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National School Boards Association likens parents to domestic terrorists, and DOJ reacts. How should parents respond?

National School Boards Association likens parents to domestic terrorists, and DOJ reacts. How should parents respond?

Kaitlyn Shepherd
October 25, 2021

Across the nation, parents are attending local school board meetings and expressing their frustrations regarding COVID-19 mitigation strategies and critical race theory in public schools. Shockingly, the National School Boards Association (NSBA) insinuated that actions by concerned parents like these “could be the equivalent to a form of domestic terrorism and hate crimes.” While NSBA has since apologized for these statements, this does not undo the harm that has been done.

Parent demonstrations in Idaho have been peaceful. In Coeur d’Alene, parents assembled outside the building where the school board planned to discuss a possible mask mandate. They chanted vociferously and carried signs, but Police Captain Dave Hager emphasized that no violence occurred, no injuries were reported, and no arrests were made. He stated, “It was simply a situation with people passionate about their views.”

Jennifer Brumley, former Coeur d’Alene School Board Chair, agreed that no violence occurred. “At the time the meeting was cancelled,” she said, “there were no threats to individuals that I was aware of.”

In Weiser, parents staged a peaceful protest ahead of the Weiser School Board of Trustees meeting to express opposition to mask mandates and the district’s curriculum.

Additionally, a group of parents and teachers in Idaho Falls congregated civilly to voice their opinions about the school district’s reopening plan.

While the vast majority of parent demonstrations have been peaceful, NSBA wrote to President Joe Biden in September that actions by some parents could constitute “a form of domestic terrorism” and asked the President for help in dealing with the “immediate threat” facing school staff.

NSBA requested federal investigations of alleged threats and monitoring assistance for certain jurisdictions. It also asked the Administration to consider taking “enforceable actions” under several federal statutes.

The Biden Administration responded with remarkable speed. In a memorandum issued less than a week after the NSBA letter was sent, Attorney General Merrick Garland cited “a disturbing spike in harassment, intimidation, and threats of violence” against school staff members. He stated that the DOJ takes potential threats seriously and directed the FBI and U.S. Attorneys to meet with local law enforcement bodies to discuss avenues for identifying and responding to threats.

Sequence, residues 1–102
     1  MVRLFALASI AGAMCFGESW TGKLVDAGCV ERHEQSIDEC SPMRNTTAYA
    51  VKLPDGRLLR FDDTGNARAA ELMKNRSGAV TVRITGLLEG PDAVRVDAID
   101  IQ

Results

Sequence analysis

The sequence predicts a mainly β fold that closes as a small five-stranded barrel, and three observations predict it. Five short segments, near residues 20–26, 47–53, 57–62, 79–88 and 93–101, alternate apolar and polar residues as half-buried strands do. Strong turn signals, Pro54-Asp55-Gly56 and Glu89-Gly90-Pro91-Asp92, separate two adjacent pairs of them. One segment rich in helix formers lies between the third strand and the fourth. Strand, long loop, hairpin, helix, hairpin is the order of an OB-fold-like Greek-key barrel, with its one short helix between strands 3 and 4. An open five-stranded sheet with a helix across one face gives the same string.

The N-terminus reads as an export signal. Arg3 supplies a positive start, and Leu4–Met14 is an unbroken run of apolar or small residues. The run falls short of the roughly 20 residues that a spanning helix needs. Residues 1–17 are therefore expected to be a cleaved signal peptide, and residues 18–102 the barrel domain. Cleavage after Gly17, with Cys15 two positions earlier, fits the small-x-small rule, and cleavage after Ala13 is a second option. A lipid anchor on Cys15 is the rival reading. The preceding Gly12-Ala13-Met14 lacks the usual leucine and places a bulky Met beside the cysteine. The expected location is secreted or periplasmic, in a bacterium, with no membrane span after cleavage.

Resorting to violence is not the solution, but now is not the time to remain silent. Concerned parents must continue attending school board meetings and voicing their concerns in a peaceful and respectful way.

The actions of NSBA and the DOJ show that they will certainly face opposition. 

Public outcry in response to NSBA’s letter and the DOJ’s actions was quick and decisive. 

Lawmakers, authors, scholars, state attorneys general, nonprofit organizations, and parents all spoke out to condemn the mischaracterization of parents and the actions of the Attorney General.

On October 13, the Idaho School Boards Association (ISBA) published a formal statement in response to the NSBA letter. ISBA sought to distance itself from NSBA’s actions and clarify its “participation — or, lack thereof” in sending the letter to Biden. ISBA insisted that it was not involved in drafting the letter and that it was not informed about NSBA’s letter. ISBA claimed that it would have objected to characterizing parents as “domestic terrorists who merited federal investigation” because it seeks parental involvement in the public school system and values local control on matters of education.

Despite trying to distance itself from the controversial letter, ISBA condemned the “disruptive and — at times, frightening — behavior that has shown up in school board meetings in Idaho and across the country.” The statement alluded to “physical or verbal threats directed against school board members, their staff, and … students,” but it failed to cite any specific instances when Idaho parents resorted to violent behavior.

NSBA has since apologized for its letter, but this does not mitigate the damage that has already been done.

Violence is inexcusable. However, the freedom to assemble is one of the hallmarks of American society. As local government entities, public schools derive their authority from “the consent of the governed” and are intended to be governed by local boards responsive to parental concerns. Rather than characterizing parents as domestic terrorists for acts of peaceful protest, school boards and the organizations representing them should take action to address and resolve parents’ concerns.

As the primary educators of their children, parents should be given agency regarding their family’s education. Parents must demand restoration of their right to raise their children and continue to voice their requests in an informed and respectful manner.

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